NEW YORK — Wyatt Cenac, the latest entrant in late-night television comedy with a series that debuts Friday on HBO, took inspiration from John Oliver in his desire to inform along with being entertaining.

Cenac's "Problem Areas" is described as a comedy "docu-series," and resembles Oliver's "Last Week Tonight" in how each episode has a central story approached with journalistic rigor, and quicker comedic bits. Oliver is an executive producer and the show's backstage is populated with people who worked with him and also at their shared alma mater, "The Daily Show."

That's where the similarities end. Cenac's more laid-back style replaces Oliver's hyperactivity. "Problem Areas" has no studio audience, and in each episode, Cenac travels somewhere different in the country to explore aspects of the main story. His entire 10-episode season concentrates on different facets of one story, in this case policing and how it affects different communities.

The show will air Fridays at 11:30 p.m.

Oliver's success "definitely gave me a lot of confidence that there could be an appetite for a show like mine," Cenac said. "I looked at his show for inspiration in that way."

Podcasts like "Serial" also convinced Cenac that some people are interested in stories told in depth, spread over several episodes.

With its creative graphics and a cool vibe, "Problem Areas" establishes right away that viewers have landed in a different spot than other late-night comedy shows.

Cenac also makes that clear. He looks into the camera early in the opening episode and says that it's probably the point at which he's supposed to talk about Donald Trump and all the trouble everyone's in. "But you already knew that," he says.

"It was less about thinking about making something original and more about thinking about building something for my skill set, and what I feel my strengths as a performer and storyteller are," he said.

Like many black men and women, Cenac has his own uncomfortable experiences being pulled over by the police. Besides looking into some well-known cases where police actions were questioned, the show also looks into how police officers are trained and interact with certain communities.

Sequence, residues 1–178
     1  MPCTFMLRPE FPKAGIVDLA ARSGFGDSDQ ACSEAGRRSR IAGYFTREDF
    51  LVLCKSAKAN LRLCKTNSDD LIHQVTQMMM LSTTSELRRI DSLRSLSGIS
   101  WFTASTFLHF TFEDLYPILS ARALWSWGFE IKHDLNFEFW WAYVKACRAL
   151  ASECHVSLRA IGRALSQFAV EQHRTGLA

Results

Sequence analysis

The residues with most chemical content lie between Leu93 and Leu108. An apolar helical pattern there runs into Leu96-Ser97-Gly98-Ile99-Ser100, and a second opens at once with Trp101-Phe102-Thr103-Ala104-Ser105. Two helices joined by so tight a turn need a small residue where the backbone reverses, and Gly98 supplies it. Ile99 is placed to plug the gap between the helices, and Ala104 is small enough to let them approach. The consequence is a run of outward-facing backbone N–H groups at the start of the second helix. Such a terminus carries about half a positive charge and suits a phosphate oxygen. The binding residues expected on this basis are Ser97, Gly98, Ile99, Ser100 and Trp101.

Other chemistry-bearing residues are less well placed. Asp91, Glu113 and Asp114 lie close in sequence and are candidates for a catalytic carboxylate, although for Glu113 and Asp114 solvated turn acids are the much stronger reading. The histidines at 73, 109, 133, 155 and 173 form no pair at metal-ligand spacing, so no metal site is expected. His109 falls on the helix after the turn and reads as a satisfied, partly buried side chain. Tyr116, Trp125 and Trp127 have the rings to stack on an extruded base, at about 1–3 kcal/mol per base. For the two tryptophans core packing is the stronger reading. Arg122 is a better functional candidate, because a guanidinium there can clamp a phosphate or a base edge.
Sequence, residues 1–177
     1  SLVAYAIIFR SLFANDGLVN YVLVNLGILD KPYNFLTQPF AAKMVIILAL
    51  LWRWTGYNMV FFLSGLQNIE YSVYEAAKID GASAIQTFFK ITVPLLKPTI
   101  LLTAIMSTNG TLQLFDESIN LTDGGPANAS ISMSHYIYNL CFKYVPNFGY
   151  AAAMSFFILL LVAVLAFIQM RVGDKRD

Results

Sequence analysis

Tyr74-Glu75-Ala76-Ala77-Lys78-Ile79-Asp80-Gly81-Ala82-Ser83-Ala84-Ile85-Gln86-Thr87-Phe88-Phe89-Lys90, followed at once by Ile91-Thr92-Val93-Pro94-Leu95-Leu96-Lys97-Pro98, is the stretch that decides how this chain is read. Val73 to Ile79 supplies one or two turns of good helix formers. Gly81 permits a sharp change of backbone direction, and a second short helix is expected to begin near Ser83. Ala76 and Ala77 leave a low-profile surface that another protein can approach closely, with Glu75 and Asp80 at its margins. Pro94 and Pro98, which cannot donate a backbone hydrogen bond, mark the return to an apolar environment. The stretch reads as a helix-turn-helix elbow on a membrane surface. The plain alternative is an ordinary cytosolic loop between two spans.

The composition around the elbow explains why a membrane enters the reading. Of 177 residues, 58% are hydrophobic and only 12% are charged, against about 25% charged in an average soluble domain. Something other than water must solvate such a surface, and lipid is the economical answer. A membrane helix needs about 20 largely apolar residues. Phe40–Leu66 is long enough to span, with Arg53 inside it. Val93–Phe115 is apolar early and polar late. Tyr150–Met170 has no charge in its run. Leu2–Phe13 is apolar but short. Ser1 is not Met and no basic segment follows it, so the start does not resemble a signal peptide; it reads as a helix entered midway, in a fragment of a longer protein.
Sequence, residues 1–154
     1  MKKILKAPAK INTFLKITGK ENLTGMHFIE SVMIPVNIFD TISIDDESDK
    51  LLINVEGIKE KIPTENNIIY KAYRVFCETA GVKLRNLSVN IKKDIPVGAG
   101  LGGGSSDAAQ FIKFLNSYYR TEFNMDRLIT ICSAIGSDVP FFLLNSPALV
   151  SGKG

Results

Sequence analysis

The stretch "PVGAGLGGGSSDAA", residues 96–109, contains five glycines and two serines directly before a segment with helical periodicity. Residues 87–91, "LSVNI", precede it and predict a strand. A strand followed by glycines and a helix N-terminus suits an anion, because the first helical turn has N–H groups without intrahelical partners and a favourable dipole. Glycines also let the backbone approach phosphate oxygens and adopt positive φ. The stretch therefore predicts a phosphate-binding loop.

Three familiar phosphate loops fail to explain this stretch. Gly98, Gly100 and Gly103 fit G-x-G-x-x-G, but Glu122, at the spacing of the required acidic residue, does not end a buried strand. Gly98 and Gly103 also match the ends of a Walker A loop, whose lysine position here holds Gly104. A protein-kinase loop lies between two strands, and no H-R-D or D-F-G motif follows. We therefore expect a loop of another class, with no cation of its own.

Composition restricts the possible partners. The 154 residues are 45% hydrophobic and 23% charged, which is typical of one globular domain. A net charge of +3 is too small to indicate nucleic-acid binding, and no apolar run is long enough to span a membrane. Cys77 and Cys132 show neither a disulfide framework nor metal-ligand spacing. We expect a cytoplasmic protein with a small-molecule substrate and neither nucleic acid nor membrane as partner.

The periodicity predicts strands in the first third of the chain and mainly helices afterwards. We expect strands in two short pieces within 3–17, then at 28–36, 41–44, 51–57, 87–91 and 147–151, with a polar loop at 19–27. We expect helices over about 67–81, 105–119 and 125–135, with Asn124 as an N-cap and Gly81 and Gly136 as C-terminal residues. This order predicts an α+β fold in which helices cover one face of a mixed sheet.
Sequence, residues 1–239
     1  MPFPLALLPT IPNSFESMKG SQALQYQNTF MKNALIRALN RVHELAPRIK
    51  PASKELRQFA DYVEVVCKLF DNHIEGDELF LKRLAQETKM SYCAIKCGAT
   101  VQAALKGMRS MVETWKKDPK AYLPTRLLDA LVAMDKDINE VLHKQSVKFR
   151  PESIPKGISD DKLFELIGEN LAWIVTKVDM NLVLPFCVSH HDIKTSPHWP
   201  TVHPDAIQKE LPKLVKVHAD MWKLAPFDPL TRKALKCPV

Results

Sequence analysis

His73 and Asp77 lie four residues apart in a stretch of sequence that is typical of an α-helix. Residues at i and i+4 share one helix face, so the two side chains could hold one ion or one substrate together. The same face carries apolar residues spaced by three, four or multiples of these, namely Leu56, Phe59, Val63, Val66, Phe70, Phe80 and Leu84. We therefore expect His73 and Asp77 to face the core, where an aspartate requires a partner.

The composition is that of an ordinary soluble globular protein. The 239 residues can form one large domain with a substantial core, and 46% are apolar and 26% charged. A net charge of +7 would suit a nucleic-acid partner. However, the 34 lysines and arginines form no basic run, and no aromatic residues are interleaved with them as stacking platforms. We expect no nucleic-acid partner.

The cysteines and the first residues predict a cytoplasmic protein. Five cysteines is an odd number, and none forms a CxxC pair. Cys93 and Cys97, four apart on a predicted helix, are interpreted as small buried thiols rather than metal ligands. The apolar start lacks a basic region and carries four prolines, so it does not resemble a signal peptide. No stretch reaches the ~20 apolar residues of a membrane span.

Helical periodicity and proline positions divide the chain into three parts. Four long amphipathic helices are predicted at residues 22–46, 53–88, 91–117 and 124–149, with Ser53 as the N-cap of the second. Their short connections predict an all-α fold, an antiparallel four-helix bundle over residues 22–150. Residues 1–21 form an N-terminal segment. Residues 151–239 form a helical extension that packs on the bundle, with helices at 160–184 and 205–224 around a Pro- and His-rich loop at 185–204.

"I come in with the curiosity of a concerned citizen," Cenac said. "I live in this country, too. It's not enough for me to simply demand better on social media, or go to a march when there's a march and have a sign," he said. "The one thing that I have, that I've been given, is a platform. And if I can use that platform to ask the questions that I'm generally asking in life, and I can find a way to do it that's entertaining, I feel like it's a win-win."

Cenac felt more comfortable doing away with a studio audience, figuring its central value to a show is telling a television audience when to laugh.

"If I take that out of the equation, I can take the story directly to the viewer, and the audience can decide how to feel," he said.

In working hard to complete the episodes for his first season, Cenac said he hasn't thought about how "Problem Areas" would continue in future seasons, whether it would again concentrate on one main story.

He conceded he hadn't looked carefully enough in his contract for what it says about continuing past one season — perhaps falling prey to a pitfall that has afflicted performers for ages.

"That's certainly something about the business," he said. "You're hungry enough and you say, sure, and the next thing you know, you're starring in 'Beverly Hills Cop 17.'"